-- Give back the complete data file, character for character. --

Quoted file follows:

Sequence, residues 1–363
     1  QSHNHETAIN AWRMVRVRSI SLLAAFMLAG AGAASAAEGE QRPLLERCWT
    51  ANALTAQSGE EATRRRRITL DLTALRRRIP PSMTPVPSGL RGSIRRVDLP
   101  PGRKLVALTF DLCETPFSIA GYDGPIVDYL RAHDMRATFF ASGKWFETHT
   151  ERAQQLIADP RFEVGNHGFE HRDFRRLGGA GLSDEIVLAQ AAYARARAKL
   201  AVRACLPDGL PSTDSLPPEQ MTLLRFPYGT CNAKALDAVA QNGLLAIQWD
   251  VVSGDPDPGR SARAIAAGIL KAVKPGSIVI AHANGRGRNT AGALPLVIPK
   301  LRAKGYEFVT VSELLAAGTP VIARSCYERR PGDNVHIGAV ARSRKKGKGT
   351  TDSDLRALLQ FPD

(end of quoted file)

Sequence, residues 1–363
     1  QSHNHETAIN AWRMVRVRSI SLLAAFMLAG AGAASAAEGE QRPLLERCWT
    51  ANALTAQSGE EATRRRRITL DLTALRRRIP PSMTPVPSGL RGSIRRVDLP
   101  PGRKLVALTF DLCETPFSIA GYDGPIVDYL RAHDMRATFF ASGKWFETHT
   151  ERAQQLIADP RFEVGNHGFE HRDFRRLGGA GLSDEIVLAQ AAYARARAKL
   201  AVRACLPDGL PSTDSLPPEQ MTLLRFPYGT CNAKALDAVA QNGLLAIQWD
   251  VVSGDPDPGR SARAIAAGIL KAVKPGSIVI AHANGRGRNT AGALPLVIPK
   301  LRAKGYEFVT VSELLAAGTP VIARSCYERR PGDNVHIGAV ARSRKKGKGT
   351  TDSDLRALLQ FPD